The tree is native to Pakistan, Bhutan, Nepal, India and Afghanistan. In Pakistan it is found in the moist temperate zone of Murree-Galliat and Azad-Kashmir and in dry temperate zone of the Northern Areas, Takhte-Sulaiman, Swat, Dir, Chitral, Tirah and Kurram.
The heartwood is distinct from sapwood. The sapwood is yellowish white while the heartwood is with pinkish ting. The wood of Kail is straight-grained with medium—fine texture and has characteristic resinous odor and taste.
The Kail wood is non-porous. The growth rings are distinct and 4-20 per inches. The transition from early wood to latewood is somewhat gradual. The tracheids are arranged in definite radial rows and are 2-5 mm in length, 40-50µ in diameter. The springwood tracheids are squarish to rectangular or somewhat hexagonal with 2-3µ wall-thickness. The summerwood tracheids are rectangular or tabular with wall-thickness 4-7µ. The wood parenchyma is absent. The rays are very fine and not visible with naked eye, unevenly distributed and 2-7/mm in number. The ray tracheids are of two sorts (a) uni-seriate rays 15-20µ wide (1-16 cells) and upto 215µ in height (b) broader rays 45-50µ in width and upto 350µ in height . The Resin canals are present with thin-walled epithelium(1-4 cells thick).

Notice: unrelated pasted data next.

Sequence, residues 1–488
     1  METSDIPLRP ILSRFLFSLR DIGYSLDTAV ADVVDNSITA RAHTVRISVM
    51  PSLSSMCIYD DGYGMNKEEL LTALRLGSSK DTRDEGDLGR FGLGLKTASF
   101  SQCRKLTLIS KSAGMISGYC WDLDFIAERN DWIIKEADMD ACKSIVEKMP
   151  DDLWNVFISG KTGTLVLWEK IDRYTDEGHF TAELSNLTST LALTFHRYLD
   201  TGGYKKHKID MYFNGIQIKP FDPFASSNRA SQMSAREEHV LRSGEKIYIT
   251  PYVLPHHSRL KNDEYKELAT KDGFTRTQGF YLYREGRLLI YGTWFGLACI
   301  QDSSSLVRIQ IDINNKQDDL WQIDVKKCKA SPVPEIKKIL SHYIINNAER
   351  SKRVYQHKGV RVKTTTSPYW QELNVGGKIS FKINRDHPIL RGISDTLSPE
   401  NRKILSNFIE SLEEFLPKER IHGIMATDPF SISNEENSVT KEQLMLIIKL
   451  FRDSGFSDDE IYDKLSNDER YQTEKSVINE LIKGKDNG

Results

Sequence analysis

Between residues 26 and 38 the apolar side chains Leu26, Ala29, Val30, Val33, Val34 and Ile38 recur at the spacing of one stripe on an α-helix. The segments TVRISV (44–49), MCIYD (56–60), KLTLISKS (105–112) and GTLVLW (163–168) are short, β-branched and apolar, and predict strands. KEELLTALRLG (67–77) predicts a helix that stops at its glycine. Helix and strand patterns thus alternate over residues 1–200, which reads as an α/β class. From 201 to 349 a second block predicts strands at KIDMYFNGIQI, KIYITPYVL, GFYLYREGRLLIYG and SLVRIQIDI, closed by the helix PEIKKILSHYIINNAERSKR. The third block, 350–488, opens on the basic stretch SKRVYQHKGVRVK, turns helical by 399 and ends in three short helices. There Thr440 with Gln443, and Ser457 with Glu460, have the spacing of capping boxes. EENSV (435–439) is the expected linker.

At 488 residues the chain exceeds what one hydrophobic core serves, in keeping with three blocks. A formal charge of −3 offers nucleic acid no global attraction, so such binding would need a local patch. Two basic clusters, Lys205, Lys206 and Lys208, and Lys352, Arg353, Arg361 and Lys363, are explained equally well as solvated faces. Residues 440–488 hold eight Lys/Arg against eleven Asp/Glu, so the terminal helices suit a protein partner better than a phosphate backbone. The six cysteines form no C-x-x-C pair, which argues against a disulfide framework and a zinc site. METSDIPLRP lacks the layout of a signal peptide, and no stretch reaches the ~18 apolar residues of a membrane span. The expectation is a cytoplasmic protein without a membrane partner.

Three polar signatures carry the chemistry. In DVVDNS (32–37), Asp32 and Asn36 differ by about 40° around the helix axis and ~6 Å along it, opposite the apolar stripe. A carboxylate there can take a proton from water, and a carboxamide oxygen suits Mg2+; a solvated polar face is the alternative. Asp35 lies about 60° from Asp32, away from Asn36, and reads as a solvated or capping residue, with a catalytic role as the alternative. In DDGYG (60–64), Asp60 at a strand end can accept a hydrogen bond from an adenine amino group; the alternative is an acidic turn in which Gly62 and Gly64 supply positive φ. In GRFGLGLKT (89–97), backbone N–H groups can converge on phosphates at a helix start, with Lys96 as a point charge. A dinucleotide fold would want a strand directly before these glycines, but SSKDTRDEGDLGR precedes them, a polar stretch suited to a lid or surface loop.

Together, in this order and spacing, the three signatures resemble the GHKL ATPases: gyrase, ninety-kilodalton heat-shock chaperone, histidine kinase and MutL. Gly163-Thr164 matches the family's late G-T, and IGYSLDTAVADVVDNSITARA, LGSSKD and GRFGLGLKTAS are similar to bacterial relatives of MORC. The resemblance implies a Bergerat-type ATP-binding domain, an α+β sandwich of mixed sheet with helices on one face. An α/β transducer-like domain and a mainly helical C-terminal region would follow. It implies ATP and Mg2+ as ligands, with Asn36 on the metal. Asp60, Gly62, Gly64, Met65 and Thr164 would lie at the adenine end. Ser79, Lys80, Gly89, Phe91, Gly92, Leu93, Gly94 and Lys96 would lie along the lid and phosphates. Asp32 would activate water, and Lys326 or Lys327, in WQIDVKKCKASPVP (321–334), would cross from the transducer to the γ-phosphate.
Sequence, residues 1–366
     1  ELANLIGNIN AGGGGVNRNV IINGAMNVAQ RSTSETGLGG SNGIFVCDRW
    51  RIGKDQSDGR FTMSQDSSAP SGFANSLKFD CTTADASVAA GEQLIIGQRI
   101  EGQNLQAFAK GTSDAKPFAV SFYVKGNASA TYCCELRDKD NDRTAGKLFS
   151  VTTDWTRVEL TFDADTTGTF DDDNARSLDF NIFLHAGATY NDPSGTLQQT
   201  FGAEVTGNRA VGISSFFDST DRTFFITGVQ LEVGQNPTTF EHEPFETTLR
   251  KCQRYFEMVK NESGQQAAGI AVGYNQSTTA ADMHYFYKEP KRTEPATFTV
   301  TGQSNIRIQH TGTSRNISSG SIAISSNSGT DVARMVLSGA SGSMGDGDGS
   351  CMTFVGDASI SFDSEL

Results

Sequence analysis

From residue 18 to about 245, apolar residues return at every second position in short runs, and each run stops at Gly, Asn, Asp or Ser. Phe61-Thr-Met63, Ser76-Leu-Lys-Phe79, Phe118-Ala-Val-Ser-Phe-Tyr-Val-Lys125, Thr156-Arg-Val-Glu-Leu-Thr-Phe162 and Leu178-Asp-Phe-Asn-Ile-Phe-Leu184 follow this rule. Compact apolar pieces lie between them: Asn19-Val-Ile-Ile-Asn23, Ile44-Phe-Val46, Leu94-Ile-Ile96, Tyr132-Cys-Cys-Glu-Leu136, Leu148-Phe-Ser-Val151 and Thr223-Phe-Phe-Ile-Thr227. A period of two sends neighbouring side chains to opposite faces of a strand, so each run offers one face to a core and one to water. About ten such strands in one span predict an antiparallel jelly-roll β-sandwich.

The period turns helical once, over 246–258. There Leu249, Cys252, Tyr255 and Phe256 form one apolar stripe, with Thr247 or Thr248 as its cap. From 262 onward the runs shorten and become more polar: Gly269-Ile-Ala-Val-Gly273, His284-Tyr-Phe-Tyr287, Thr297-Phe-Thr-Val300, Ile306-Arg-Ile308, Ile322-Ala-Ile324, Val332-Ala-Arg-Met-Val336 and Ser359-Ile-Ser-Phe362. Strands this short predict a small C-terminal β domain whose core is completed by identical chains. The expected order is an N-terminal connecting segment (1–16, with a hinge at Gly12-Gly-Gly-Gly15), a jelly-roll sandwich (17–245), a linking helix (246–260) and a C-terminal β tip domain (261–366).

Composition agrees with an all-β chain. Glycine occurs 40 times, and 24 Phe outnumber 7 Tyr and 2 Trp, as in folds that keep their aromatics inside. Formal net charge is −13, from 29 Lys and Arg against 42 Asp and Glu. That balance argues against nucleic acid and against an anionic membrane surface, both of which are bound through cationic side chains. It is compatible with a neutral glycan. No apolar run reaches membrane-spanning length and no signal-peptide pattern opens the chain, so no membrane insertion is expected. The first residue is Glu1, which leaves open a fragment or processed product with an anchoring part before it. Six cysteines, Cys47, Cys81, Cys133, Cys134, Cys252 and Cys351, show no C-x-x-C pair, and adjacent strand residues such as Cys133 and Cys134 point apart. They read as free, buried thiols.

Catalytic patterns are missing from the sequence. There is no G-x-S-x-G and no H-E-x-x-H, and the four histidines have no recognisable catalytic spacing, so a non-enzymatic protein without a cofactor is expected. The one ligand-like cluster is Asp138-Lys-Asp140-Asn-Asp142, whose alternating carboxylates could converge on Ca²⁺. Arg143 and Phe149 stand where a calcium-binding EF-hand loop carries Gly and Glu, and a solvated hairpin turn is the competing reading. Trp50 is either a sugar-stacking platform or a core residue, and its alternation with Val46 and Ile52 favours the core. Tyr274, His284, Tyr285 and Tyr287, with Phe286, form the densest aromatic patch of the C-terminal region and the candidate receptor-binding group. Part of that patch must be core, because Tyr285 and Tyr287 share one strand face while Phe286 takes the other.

|Cross view of Blue Pine wood||Tangential view of Blue Pine wood||Radial View of Blue Pine wood|
The timber is used in construction, joinery, house fitments, light furniture, packing cases, lamin-boards, flush doors, plane tables and railway sleepers after treatment. It is easy to treat with preservatives and can be seasoned well both in air and kilns.
1. Pearson, R.S and H.P. Brown.1932. Commercial Timbers of India.pp.1033-1037.
2. Sheikh, M.I.1993. Trees of Pakistan. Pakistan Forest Institute, Peshawar.pp-96.
3. Siddiqui, K.M., M. Ayaz and I. Mahmood.1996. Properties and Uses of Pakistani Timbers. Pakistan Forest Institute, Peshawar. pp 28-29.